Afrika, Brotherhood and Arts
Quentin (22), Moses (24), Mark (21) and their manager Warris (22) from the group ‘Affiliated’ gave us insights into their journey and passion for spoken word poetry. Their instrumentalist, Dougie, joined us at the very end but his value to the group was very evident. Affiliated are students of journalism, broadcast journalism (Quentin) and pharmaceutical technology (Moses), they have literally pulled themselves up by sheer determination. Their talent, dedication and message have earned them respect in their circles and they have a debut album, ‘Doh ya fare na ndoto’ (money for busfare and dreams) in the works.
Tell us about ‘Affiliated’. How did it start? Why is it called ‘Affiliated’?
Quentin: Affiliated means we are linked to whatever we are doing and we are also linked together as brothers. Affiliated started way back in 2016 when we joined the university as a dance crew!
Moses: We had dope moves but then there was a competition held here at school, and we lost, and we don’t really like losing, so we decided to venture into another field where we can win.
How did it lead to spoken word?
Quentin: When we were dancing, I was doing spoken word part-time, though I wasn’t sure about it, but then, slowly after the dance started fading away, the spoken word started coming out. Then everybody came on board, until where we are today. It’s been a journey. 3 years.
So you haven’t given up, which means you’re either winning competitions or you’ve found something in this?
Moses: Yes, there is something in this. A person like me, I come from somewhere remote and I really wanted to change what I see around there, but I didn’t know how to exactly. But when I started venturing into word, it opens up your mind to all this.
Quentin: What spoken word gave me is freedom, because personally I have been weak in speech but through spoken word I can speak in front of masses without shaking but initially I couldn’t.
Mark: I joined this group later. I was a friend to Quentin and Moses and Warris. I could write but not perform, so these guys motivated me a lot. I said this is what I want to do. It boosted my confidence, even my writing. That’s how MarkMyWords came about.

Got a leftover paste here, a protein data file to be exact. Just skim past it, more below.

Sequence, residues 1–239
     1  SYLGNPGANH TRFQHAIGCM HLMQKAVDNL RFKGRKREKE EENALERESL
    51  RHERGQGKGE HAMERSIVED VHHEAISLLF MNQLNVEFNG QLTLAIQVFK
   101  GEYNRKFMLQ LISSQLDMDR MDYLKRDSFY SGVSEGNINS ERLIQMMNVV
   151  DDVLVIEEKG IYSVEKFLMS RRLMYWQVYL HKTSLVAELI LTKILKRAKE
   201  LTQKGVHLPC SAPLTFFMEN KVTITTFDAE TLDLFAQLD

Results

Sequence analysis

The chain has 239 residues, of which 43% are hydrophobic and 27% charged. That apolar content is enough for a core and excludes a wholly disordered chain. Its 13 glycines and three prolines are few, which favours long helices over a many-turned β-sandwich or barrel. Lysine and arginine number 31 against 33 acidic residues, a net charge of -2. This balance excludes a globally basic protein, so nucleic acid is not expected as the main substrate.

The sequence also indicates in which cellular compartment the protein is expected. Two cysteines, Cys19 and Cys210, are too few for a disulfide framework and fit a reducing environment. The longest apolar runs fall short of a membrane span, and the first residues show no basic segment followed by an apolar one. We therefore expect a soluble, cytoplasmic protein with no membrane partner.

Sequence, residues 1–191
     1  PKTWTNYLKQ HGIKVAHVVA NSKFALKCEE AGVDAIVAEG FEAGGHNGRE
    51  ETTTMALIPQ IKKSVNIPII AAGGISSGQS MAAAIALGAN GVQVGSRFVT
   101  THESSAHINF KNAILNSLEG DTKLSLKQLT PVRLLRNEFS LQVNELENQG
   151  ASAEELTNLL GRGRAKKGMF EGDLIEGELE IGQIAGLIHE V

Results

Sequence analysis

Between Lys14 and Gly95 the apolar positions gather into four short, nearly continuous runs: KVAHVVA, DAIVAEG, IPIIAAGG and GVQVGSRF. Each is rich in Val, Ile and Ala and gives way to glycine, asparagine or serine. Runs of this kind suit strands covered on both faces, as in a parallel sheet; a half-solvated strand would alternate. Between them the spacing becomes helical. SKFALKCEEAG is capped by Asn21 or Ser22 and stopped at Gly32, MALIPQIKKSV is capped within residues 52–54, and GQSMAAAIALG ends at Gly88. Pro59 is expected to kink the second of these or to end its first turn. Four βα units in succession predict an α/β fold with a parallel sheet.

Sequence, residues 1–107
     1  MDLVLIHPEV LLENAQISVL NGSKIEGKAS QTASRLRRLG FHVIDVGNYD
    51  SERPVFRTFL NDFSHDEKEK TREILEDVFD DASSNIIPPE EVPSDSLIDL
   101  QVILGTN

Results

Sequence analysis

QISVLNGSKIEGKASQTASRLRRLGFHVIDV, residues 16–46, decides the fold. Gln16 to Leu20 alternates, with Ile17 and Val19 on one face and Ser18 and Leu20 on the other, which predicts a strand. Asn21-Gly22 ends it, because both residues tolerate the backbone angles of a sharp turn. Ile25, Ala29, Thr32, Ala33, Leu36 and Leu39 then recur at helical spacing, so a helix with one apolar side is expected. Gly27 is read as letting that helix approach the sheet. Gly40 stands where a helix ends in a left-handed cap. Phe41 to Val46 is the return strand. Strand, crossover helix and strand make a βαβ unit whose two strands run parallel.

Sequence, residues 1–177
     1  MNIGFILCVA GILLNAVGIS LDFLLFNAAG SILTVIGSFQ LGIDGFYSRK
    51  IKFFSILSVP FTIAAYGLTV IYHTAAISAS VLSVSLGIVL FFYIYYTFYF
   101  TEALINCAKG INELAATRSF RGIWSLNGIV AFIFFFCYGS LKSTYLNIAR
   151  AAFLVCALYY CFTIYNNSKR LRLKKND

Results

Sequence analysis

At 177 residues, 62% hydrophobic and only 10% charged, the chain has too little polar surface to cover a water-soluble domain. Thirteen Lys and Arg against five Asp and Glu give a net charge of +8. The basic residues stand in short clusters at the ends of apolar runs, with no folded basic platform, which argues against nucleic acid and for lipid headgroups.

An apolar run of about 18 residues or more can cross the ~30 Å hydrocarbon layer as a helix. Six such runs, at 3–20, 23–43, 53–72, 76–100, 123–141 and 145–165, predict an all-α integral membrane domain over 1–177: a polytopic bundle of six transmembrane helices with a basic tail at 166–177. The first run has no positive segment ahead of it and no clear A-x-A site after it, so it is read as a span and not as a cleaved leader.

What drives you?
Quentin: There is a saying, “Discipline keeps you where talent takes you” and so what keeps us going is the discipline. When we ventured into spoken word and saw the opportunities it had, we decided to venture into it professionally. We are brothers; we work by the code of brotherhood. We keep each other on track and the things we see daily inspire us to do it, to talk about the things that are happening.
Mark: Love. I love what I do, I love poetry and I love stories.
What do you talk about?
Moses: Generally, we talk about politics, corruption and the way people mis-run institutions. For example we have a piece about sports and how there is mismanagement in Kenya.
Mark: I write on three bases. I write on what I believe in, what I see and what I hear. If I see people like probably in Mombasa getting killed, I write about that, that’s a story I tell people about that. I can tell people about religion, somebody can get a story out of that.
Quentin: Sounds of revolution.
How would you summarize your message?
Quentin: One thing we always have as the main message is that love will rescue us. We simply tell people to love one another. We want to reawaken their mental senses, because right now we live in a society where rules are there but nobody is following them. It’s like a vehicle and potholes, we’re shaking. So we’re trying to tell people to take it easy.
Mark: Our message hits everyone in the society.
How is the message being received?
Moses: I think the message is driving home, because if I create an event and people turn up that means that they really want to hear my piece of mind.
Quentin: I could also say that the message has been received in equal measures. When somebody tells me I was inspired by your piece then it really blesses me as a writer because what I wanted to achieve I have achieved it.